...which makes the 7.34 that Random House (http://www.rbooks.co.uk/product.aspx?id=1407034375) are asking only look a bit ridiculous, rather than totally ridiculous....But I suppose pricing is a separate issue, which I probably shouldn't have brought up.

Yeah, the pricing is ridiculous, but I was trying to avoid getting too heated about that

alecE
01-24-2010, 04:28 PM
'Whatever happened to' implies these ideas were ever prevalent in commercial epublishing...

Well, I don't have any hard statistical data, but my subjective impression is that there are more typos and elementary layout errors to be found in books (both paper and digital) now than there were during the 1970's and 1980's - during that time I was working as a library cataloguer and handled many hundreds of new titles.

Sparrow
01-24-2010, 04:37 PM
Yeah, the pricing is ridiculous, but I was trying to avoid getting too heated about that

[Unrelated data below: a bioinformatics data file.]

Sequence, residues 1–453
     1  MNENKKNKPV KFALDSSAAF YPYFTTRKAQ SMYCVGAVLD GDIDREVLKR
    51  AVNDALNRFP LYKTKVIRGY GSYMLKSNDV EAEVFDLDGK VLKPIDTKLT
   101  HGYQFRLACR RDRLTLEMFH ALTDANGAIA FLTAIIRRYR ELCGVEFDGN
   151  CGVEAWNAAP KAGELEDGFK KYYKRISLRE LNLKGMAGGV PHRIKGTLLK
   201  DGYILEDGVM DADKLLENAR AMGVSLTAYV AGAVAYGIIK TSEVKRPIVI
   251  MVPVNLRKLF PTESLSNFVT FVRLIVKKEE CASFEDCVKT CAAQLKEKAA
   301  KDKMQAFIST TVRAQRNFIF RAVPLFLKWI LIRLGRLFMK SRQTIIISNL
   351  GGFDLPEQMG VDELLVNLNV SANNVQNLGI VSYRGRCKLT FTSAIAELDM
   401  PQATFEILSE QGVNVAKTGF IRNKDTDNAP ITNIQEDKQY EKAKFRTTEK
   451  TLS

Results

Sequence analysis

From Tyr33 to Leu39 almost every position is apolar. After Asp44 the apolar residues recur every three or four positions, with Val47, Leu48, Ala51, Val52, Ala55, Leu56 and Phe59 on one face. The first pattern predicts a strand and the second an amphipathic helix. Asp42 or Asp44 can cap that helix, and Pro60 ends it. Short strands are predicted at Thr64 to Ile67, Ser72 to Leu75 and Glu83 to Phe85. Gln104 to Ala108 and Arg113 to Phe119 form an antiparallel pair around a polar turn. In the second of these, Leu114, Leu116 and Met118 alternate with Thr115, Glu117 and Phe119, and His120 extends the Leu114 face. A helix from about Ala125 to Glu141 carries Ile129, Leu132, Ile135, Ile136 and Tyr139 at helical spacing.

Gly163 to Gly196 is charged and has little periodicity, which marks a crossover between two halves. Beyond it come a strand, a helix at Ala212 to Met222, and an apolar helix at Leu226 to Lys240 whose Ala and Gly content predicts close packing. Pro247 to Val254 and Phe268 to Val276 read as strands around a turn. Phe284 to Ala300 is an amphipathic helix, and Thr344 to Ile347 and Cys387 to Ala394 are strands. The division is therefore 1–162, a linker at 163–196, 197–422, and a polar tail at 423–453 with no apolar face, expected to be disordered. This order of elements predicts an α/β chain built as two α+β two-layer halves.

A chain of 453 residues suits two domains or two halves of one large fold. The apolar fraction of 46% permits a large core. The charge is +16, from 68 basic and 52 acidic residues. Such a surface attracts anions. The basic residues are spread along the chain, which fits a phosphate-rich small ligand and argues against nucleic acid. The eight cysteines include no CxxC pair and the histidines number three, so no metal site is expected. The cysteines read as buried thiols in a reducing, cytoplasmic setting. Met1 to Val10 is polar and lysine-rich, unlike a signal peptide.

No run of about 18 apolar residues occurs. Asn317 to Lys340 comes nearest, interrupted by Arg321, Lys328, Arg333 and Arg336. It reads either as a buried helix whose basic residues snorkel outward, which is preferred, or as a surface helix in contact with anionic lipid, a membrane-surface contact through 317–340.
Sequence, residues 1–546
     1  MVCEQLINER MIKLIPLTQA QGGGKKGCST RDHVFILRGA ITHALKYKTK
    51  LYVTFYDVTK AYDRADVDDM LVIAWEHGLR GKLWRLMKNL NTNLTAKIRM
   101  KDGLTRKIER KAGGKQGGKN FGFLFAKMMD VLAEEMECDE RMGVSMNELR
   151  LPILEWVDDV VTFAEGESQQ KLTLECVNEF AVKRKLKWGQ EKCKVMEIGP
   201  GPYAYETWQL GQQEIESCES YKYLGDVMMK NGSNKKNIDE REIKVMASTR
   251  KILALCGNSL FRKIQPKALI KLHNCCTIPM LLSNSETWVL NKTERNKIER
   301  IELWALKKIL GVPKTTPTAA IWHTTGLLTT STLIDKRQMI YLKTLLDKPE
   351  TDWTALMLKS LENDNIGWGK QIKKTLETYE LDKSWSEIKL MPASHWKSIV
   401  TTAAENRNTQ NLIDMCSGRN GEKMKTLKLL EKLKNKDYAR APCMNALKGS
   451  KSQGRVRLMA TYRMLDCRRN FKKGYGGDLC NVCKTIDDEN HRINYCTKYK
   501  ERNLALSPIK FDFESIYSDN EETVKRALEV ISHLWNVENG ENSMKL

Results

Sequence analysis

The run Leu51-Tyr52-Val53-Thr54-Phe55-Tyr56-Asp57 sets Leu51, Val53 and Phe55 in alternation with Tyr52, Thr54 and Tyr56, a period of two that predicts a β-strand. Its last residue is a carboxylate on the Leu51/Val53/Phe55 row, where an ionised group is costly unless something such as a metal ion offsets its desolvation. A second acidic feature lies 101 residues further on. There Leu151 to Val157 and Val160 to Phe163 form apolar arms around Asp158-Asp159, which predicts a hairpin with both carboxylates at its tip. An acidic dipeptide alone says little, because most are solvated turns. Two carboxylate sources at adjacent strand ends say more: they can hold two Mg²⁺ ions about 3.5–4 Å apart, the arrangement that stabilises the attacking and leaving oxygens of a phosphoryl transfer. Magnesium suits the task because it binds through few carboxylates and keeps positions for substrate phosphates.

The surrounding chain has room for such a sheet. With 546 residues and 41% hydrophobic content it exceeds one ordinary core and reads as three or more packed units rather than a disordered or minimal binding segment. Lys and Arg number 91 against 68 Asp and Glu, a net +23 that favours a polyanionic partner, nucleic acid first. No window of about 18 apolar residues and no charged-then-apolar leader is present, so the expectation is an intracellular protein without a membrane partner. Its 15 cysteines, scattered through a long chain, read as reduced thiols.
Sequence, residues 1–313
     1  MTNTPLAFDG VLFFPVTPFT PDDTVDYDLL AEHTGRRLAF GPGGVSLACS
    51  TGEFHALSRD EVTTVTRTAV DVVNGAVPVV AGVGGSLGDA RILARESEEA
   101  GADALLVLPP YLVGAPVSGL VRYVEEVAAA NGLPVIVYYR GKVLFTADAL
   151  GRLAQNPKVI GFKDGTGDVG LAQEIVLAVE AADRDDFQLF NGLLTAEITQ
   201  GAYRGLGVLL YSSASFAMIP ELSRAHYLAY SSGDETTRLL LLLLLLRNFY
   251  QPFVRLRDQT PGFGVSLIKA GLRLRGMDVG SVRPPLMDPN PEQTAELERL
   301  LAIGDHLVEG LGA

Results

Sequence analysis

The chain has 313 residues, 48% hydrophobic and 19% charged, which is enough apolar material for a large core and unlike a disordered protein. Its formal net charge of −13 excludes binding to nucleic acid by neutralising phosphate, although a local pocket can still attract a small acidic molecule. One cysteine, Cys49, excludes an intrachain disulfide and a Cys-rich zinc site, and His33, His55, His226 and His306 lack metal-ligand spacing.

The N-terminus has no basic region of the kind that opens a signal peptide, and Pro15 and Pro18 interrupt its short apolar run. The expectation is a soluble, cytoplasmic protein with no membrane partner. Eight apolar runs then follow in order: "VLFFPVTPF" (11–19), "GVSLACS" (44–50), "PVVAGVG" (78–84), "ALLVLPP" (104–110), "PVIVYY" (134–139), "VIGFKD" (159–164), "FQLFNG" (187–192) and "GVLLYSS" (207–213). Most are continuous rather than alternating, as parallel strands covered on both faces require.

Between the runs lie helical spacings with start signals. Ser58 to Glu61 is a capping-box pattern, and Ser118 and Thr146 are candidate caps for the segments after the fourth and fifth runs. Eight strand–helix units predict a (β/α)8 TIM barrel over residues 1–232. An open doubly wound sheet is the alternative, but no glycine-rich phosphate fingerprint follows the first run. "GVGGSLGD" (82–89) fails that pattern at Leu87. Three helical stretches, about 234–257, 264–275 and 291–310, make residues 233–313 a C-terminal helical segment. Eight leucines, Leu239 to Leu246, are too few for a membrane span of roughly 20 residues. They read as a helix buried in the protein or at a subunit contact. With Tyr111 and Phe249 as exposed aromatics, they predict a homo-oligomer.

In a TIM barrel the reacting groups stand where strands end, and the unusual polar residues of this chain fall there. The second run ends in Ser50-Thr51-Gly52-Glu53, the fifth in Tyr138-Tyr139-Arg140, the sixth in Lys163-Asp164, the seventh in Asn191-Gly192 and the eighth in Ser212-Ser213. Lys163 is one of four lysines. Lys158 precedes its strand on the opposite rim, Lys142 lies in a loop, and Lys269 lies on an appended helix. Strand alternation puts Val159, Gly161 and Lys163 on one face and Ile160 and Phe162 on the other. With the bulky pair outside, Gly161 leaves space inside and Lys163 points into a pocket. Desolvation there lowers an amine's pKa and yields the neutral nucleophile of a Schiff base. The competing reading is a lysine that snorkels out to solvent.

You may be anally retentive; but it seems the same can't be said for the publishers - they seem to be producing considerable quantities of expensive sewage. :angry:

rmm200
01-24-2010, 05:26 PM
Publishers think they have found a gold mine. Scan their existing book in, run it through an automated conversion process, and sell what comes out. No point proof reading it - the source book they used was proof read already.

Forgot the best part - pay off enough elected officials to pass the DMCA which keeps us, the readers, from having any right to fix the errors in the books we buy.

Robert

HarryT
01-24-2010, 07:29 PM
Publishers think they have found a gold mine. Scan their existing book in, run it through an automated conversion process, and sell what comes out. No point proof reading it - the source book they used was proof read already.